Fat Metabolism

Fat Metabolism


What is fat metabolism? Fat/lipid metabolism is digestion of fat, absorption, liver synthesized lipoproteins, and pile acid recycling.

Fat digestion, absorption & assimilation

Lipid metabolism has a close association with the carbohydrate metabolism. The product of carbohydrate digestion is glucose. The excess glucose converted into glycogen. And the remaining glucose stored as fat for future energy needs.

Fats also called as lipids. Lipid is the common word used to describe fats, oils, waxes and other related compounds.

Dietary cholesterol represents only 1/3 of your total cholesterol requirements. Remaining cholesterol is from liver production.

The cholesterol from the diet (exogenous) is just 25% of the daily cholesterol need. This exogenous cholesterol might be 300 to 500mg. The remaining 75% might be 800 to 1,200 mg synthesized by the body (endogenous). Endogenous synthesis is by the liver and body cell. The cholesterol produced by the body increases when you eat low cholesterol foods. If you eat more cholesterol food, cholesterol production by the body decreases. This mechanism explains, why a low-fat diet, lower blood cholesterol just a few percent.

Types of Fats

Before learning about fat metabolism, first, you should know different types of fats.

Fats are of three groups, they are simple, compound, and derived lipids.

  1. Simple Lipids are triglycerides, comprised of three fatty acids joined to a glycerol backbone. The dietary fats and the stored fats are mostly (about 98%) triglycerides. Simple or neutral fats are two subtypes saturated and unsaturated fatty acid. Saturated fats are fats with all its carbon atoms saturated with hydrogen atoms. Additionally, it does not have double bonds between carbon atoms. This structure makes it harder to breakdown. Saturated fats are in solid form at room temperature. Examples of saturated fats are an animal (beef) meat and dairy (milk, butter) products. Unsaturated fats are fats with at least one double bond within the fatty acid chain. This double bond makes it easier to breakdown. Unsaturated fatty acids are in plant sources.
  2. Compound lipid is a triglyceride in combination with other chemicals. Phospholipids have one or more fatty acids along with a phosphorus group and a nitrogen base. Glycolipids have fatty acids along with glucose & nitrogen. Lipoproteins have the combination of lipids with proteins. Lipoproteins are the body's lipid transport system.
  3. Derived lipids have hydrocarbon rings instead of chains. Cholesterol is a waxy, fat-like substance in every body cell and many foods.

Apolipoproteins are proteins; lipoproteins formed by the combination this protein and lipids.


Lipoproteins consists of triglycerides, cholesterols, phospholipids and proteins (apolipoproteins).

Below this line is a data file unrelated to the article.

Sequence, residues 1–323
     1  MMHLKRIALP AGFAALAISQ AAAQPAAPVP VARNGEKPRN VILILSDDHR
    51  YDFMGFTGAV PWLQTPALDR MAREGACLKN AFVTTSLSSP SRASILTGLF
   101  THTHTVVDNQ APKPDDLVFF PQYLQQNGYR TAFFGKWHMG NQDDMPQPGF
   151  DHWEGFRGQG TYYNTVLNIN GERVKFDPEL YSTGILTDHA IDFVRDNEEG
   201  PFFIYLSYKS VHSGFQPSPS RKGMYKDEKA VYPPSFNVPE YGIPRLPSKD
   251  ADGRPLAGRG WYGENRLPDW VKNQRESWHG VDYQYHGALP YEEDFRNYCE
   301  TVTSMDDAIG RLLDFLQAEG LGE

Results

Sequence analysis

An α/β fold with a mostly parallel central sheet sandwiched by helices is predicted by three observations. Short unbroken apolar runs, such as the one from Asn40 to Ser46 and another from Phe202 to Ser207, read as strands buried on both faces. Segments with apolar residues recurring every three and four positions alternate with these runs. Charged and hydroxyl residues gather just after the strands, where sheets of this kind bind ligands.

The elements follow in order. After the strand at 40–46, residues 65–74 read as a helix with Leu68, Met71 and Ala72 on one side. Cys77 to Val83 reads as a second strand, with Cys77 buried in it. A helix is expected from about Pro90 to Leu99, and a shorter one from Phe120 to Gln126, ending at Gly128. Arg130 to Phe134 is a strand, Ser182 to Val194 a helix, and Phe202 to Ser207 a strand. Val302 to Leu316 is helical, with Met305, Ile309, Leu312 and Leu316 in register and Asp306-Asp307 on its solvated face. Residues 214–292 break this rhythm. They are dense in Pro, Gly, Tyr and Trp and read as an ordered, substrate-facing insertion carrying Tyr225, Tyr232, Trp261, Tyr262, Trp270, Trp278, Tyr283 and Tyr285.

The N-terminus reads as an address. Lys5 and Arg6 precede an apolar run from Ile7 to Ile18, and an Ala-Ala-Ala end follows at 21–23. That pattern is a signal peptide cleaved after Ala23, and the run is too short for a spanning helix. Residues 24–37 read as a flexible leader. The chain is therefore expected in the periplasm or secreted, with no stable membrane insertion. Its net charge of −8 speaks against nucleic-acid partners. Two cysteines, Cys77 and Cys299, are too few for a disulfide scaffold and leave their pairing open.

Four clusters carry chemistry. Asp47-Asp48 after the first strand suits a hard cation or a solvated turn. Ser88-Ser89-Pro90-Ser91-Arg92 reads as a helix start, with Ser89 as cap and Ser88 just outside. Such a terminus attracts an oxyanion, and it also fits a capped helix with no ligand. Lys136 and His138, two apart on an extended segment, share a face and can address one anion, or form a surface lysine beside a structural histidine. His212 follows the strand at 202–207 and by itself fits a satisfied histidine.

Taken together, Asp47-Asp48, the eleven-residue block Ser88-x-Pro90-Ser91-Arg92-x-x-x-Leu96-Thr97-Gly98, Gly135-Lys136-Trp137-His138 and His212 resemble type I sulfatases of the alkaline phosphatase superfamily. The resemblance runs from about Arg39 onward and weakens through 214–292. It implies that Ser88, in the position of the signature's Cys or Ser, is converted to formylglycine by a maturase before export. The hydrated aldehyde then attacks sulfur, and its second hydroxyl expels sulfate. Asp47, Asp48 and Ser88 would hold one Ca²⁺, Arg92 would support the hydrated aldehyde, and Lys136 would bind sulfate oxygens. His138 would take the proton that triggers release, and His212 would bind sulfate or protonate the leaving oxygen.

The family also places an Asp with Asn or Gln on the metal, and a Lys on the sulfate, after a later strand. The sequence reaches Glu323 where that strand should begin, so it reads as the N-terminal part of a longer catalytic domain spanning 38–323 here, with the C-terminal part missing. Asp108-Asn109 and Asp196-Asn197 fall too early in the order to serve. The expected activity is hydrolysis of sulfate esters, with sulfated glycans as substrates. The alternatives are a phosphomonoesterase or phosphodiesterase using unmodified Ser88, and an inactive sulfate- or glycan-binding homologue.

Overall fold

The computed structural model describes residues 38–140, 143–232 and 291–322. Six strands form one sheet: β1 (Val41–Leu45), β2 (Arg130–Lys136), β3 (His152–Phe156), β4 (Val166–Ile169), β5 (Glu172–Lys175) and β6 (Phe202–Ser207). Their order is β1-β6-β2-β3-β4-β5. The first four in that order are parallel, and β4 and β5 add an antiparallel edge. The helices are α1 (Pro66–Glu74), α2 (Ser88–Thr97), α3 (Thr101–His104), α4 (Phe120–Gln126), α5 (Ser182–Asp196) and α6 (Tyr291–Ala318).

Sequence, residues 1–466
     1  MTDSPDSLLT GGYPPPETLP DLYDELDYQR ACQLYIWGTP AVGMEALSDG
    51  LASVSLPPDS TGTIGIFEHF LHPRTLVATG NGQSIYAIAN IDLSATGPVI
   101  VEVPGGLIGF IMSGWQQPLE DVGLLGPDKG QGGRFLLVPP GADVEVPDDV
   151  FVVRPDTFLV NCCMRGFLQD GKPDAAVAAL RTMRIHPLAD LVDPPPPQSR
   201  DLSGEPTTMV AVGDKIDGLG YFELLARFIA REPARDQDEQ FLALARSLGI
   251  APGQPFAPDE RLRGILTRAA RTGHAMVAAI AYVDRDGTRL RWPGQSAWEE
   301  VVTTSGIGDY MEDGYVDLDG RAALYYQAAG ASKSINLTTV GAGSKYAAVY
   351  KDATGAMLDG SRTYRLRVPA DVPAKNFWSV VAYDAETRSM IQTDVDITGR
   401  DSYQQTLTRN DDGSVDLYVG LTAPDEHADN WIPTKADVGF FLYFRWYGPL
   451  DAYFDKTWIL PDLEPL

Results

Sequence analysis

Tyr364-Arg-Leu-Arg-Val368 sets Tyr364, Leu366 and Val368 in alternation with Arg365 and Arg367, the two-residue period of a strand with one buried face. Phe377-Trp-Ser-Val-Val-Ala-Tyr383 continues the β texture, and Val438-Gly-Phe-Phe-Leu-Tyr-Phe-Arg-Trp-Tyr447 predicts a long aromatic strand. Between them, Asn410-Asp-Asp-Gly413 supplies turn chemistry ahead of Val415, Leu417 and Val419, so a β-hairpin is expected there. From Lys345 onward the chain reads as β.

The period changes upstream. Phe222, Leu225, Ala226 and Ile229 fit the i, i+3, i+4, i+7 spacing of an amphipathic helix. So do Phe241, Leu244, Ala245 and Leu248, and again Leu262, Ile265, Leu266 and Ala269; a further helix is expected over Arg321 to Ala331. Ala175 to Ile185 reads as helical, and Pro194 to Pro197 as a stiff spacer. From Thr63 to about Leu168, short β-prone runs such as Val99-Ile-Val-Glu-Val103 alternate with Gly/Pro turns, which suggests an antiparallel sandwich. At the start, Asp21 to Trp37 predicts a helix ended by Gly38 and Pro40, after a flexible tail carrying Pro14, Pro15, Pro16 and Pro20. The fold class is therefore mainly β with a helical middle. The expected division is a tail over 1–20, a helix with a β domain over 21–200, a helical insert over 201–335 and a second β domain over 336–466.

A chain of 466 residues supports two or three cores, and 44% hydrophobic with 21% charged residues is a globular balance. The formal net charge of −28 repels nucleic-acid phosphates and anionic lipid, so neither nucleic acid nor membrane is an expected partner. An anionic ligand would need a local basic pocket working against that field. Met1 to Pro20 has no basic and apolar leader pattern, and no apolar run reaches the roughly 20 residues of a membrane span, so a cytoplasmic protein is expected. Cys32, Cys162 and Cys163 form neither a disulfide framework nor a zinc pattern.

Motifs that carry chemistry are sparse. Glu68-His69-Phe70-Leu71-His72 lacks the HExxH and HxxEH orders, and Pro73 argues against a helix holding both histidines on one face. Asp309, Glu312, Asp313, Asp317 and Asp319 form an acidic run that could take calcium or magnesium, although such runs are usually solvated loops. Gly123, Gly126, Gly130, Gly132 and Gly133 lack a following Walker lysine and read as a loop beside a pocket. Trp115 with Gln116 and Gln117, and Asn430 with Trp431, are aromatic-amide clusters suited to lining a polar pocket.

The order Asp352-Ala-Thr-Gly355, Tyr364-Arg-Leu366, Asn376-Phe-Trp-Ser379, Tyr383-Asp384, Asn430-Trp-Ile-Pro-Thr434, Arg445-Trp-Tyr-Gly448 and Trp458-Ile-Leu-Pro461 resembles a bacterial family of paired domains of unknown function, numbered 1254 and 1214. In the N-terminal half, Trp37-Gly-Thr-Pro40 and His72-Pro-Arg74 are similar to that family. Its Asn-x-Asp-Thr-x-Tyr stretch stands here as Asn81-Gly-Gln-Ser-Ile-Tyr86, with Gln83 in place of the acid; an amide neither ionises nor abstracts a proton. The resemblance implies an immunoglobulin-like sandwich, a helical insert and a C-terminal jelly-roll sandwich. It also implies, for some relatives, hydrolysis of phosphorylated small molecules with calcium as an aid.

The level of fats in a lipoprotein decides its density; low density has low levels of lipids, and vice versa. You can differentiate lipoproteins based on their density and the type of apolipoproteins. Low-density lipoprotein has excess lipids compared to protein. The four types of lipoproteins are chylomicrons, very low-density lipoprotein (VLDL), low-density lipoprotein (LDL), and high-density lipoprotein (HDL).  

  1. Chylomicrons produced by enterocytes are from lipids absorbed in the small intestine. Chylomicrons transport triglycerides from intestines to liver, skeletal muscle & adipose tissue. Body consumes fat by the lipoprotein lipase action (enzyme on the endothelial cells). This enzyme breaks triglycerides into fatty acids and monoglycerides.
  2. The liver synthesizes VLDL (very low-density lipoprotein). Like chylomicrons, VLDL deliver triglycerides to cells in the body.
  3. IDL is an intermediate between VLDL and LDL. As VLDL particles lose its triglycerides to form IDL.
  4. LDL transport cholesterol from the liver to the body cells. Body cell membranes use it for energy or synthesize steroid hormones. Triglycerides stripped from the VLDL becomes denser, and liver remodels it into LDL.
  5. HDL synthesized and secreted by the liver and small intestine. HDL collects excess cholesterol from the tissues and then deliver it to the liver. This transporting of cholesterol back to the liver is known as reverse cholesterol transport.

Lipid Homeostasis

If you increase the cholesterol intake, your body lowers cholesterol synthesis and reabsorption. Conversely, if you decrease the cholesterol intake, your body increase cholesterol synthesis and reabsorption.

Reabsorption of the cholesterol is the dominant source of the cholesterol in the body. Remaining cholesterol requirement is fulfilling by synthesize or absorb from the food.

Lipid metabolism has three main pathways; they are

  1. Exogenous pathway – Exogenous refers to dietary absorption (from food) cholesterol through the intestine.
  2. Endogenous pathway – Endogenous refers to be liver produced (hepatic-derived - liver produced) lipoproteins.
  3. Reverse cholesterol transport - transfer of unused cholesterol from the cells back to the liver.

Exogenous pathway of lipid metabolism

Fat is an important energy source derived from foods. More than 95% of dietary fat is long-chain triglycerides. The remaining being phospholipids (4.5%) and sterols. Most body cell in our body is capable of producing cholesterol on its own. Only a few cells need cholesterol supply.

Fat digestion consists of three steps, they are emulsification, hydrolyzes, and break down. Fats in the food is emulsifying by the bile salt. Emulsified fat is hydrolyzing by the lipase. Finally fat broken down into monoglycerides and fatty acids.

Fat digestion occurs almost completely in the small intestine. The enzyme pancreatic lipase splits bonds between fatty acids and glycerol. It results in monoglyceride and free fatty acids.

Bile acid is crucial for the fat digestion. Cholesterol is necessary for the bile acid synthesis. Reabsorption of bile acids during the metabolic recycling.

Proper fat digestion requires complete emulsification of lipids. This emulsification facilitates an increase in the exposing area for the lipase activity. Bile salt contains bile acid, cholesterol, and phospholipids (lecithin). Bile acid structure is like a detergent molecule. This structure help disperses fats into smaller packets called emulsification (fat water mixer).